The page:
1. Go With a Plan
The rule here is: if you fail to plan, you plan to fail. Grocery stores have science on their side, with tricks to make you want to buy things that you don’t necessarily need. They play on your impulses, so make sure you go in with a grocery list. You may find one or two things that you need for your week’s meals that you forgot to write down on your list, but going into the store knowing what you should be coming out with will help you too avoid too many impulse buys.
2. Don’t Bring Your Kids
Kids are affected most buy the subliminal science that gets you to make impulse buys, since they haven’t learned all of the bull* that brands try to sell to you. Kids play on your impulses too. They know exactly how to get you to do what they want, whether having a fit in the aisles, to giving you those adorable puppy dog eyes, to saying “just this time pleeeease”. Kids don’t hold you accountable for your health; they’re just after the colourful cereals and chocolate bars so that they can get their fill of kid-coke (aka sugar).
On top of that, no one wants to hear your spoiled kids screaming while they’re trying to pick up ingredients for a romantic dinner, or trying to ring you through. It’s rude, it’s annoying, and it’s completely avoidable… don’t bring them in the first place.
3. Don’t Go Hungry
I can’t count the number of times that I’ve gone to the grocery store with a list for my meal preps, ready to start a healthy week, and then ended up buying way too much junk and spending way too much of my paycheque. I’ve figured out that every time this has happened, I had gone to the grocery store when I was hungry. My body was craving anything and everything.
When you’re hungry, you’re not as capable in resisting temptation. This has been seen in several studies of will power. When you go to the grocery store hungry, you’re most vulnerable to advertising techniques and end up impulse buying more than ever. So, do yourself, your waistline, and your wallet a favour, and eat before you head into the market.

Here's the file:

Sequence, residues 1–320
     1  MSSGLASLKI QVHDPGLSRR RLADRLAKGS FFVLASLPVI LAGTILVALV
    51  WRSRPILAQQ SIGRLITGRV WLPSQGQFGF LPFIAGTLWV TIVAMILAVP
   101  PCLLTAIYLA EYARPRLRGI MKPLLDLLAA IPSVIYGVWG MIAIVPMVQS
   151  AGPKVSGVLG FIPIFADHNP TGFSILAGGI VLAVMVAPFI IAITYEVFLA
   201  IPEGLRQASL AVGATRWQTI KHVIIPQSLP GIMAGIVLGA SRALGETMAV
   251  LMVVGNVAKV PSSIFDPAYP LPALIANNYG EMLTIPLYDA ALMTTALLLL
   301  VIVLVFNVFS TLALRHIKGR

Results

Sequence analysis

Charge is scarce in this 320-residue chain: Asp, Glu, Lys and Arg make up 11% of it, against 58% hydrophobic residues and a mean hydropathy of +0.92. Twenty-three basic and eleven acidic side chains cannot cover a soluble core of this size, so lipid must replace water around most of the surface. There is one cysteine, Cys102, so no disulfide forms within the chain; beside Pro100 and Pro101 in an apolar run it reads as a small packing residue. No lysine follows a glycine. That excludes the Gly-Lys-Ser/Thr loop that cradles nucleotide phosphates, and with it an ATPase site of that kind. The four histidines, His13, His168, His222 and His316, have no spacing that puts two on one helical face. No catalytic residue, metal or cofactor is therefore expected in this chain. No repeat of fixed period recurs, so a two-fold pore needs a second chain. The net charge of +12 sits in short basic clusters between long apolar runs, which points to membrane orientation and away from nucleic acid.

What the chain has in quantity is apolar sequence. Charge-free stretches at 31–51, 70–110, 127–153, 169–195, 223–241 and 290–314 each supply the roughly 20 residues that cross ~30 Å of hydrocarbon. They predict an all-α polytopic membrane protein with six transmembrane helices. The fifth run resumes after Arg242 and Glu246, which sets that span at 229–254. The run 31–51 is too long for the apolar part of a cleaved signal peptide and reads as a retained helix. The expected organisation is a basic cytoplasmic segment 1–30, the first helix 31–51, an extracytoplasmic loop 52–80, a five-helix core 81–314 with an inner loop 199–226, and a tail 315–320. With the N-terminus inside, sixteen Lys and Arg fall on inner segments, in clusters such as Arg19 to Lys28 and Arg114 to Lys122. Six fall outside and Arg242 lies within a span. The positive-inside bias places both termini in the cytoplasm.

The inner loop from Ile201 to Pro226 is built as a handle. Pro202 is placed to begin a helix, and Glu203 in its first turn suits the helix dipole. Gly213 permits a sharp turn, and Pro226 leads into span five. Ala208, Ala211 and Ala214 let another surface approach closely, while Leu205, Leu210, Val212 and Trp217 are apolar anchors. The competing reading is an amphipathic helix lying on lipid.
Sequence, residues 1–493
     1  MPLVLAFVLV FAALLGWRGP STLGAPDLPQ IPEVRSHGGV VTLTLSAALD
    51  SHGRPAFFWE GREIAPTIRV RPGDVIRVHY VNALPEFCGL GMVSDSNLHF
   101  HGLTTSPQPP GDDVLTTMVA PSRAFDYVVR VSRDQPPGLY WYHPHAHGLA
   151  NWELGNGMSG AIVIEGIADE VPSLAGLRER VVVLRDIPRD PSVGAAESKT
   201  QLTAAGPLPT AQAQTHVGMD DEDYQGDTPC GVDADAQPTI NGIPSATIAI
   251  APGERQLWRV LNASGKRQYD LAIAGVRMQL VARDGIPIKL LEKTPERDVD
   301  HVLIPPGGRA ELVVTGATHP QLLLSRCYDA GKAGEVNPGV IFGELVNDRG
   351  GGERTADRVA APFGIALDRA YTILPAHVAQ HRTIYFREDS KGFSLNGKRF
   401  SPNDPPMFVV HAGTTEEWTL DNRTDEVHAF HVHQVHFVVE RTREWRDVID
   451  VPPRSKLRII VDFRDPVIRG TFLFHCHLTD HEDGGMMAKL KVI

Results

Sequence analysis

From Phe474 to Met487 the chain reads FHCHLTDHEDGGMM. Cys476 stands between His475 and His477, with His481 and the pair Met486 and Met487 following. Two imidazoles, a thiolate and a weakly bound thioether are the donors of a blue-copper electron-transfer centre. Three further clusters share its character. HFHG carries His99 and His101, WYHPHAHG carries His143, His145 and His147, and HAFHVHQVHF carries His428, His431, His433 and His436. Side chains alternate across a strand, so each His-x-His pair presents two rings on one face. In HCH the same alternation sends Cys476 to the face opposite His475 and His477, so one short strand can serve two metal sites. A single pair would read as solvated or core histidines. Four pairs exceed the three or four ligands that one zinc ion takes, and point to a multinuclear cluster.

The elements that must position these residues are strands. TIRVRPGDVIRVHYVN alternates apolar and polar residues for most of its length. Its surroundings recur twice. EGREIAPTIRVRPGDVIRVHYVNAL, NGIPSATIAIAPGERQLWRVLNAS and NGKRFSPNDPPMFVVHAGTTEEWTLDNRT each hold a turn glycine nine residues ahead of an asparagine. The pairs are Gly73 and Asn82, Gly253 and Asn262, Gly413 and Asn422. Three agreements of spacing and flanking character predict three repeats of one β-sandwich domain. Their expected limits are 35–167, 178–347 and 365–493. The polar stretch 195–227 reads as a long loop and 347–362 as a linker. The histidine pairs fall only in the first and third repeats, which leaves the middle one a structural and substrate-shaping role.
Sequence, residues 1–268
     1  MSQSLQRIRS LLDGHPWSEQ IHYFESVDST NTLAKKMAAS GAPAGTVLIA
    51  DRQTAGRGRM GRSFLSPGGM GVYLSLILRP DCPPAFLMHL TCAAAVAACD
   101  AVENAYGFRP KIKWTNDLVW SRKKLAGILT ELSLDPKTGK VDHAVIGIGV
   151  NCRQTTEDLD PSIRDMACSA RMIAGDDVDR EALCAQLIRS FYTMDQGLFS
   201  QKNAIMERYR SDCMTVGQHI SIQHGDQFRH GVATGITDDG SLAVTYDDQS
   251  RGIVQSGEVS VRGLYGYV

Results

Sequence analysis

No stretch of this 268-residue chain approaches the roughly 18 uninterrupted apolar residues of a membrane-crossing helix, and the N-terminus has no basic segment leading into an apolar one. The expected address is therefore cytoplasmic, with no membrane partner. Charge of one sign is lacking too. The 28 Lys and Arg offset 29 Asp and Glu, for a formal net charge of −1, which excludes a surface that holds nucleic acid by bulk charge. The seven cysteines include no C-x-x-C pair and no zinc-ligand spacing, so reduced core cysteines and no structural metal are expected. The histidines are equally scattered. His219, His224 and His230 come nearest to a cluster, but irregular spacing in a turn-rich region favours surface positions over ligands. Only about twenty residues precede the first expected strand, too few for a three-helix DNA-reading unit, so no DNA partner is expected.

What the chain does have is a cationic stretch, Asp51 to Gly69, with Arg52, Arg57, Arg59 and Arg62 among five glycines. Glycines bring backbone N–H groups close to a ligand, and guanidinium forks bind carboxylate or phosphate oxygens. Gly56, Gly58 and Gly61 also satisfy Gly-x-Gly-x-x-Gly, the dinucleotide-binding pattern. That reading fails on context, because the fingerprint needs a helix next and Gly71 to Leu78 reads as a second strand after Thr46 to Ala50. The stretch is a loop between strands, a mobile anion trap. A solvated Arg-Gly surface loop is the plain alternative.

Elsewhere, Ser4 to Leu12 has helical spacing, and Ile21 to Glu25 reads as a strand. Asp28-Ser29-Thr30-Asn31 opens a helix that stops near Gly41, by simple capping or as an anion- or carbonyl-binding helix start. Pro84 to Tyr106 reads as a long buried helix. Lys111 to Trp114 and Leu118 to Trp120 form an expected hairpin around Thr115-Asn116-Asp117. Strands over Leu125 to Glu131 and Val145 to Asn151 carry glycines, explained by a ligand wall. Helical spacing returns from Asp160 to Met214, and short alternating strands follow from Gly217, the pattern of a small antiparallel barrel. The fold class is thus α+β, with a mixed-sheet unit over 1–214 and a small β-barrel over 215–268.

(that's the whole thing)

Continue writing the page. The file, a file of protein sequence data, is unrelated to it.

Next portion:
4. Avoid the Aisles
This is the key to buying and eating healthy foods. Most foods in the aisles (other than rice, legumes and nuts) are processed and filled with “ingredients” that slow down your digestion and leave you craving more junk. This is also where you find your junk foods like candy bars and sugary cereals. When you hit the canned/jarred food aisles, you find foods saturated in sugars, salts and preservatives since those are what increases the product’s shelf life. I recommend that you only head into the aisles with dried beans/lentils, rice and raw nuts when you need to stock up on them. Other wise, sticking to the outside aisles leaves you with the fresh fruits, fresh vegetables, less processed deli cheeses, meats, eggs, dairy and breads. All of which will help you build a healthy meal plan for weight loss.
5. Compare Your Foods
When heading to the bread section, for example, you’re faced with many options which can leave you with the desire to impulse buy. Low prices, magic marketing words and nutrition labels can play tricks on you to have you thinking that you’re getting the best value when you’re not.
When it comes to prices: Some products may be listed as a lower price but then you’re not getting as much of the product, so if you keep buying it again and again, you’re actually spending more money in the long run. Check the pricing labels for the “Price by Unit” (it will usually be in a smaller font size). You could be buying something for $5.99 instead of $6.59, but spending $0.576 per 100g as opposed to $0.293 per 100g… again, spending more in the long run without even knowing it.
When it comes to nutrition: Look at the ingredients first and decide which one has the most “real food” ingredients. Don’t get tricked by the percentages on nutrition labels; one product may have 1/2 of the calories, but be showing 1/4 of the serving size (therefore actually being double the calories). On the other hand, it may still have the best nutrition label, but contain a ton of added preservatives and fillers (usually the words that sound too scientific to be in a tomato sauce) to make the nutrition label look better. Buying butter over Becel means you’re buying one whole food ingredient over a bunch of chemicals and oil mixed with milk powder. Buying sprouted grain over whole wheat bread means their are more nutrients for your body to thrive off of. Educate yourself on what you are buying before you buy it. You are what you eat, after all.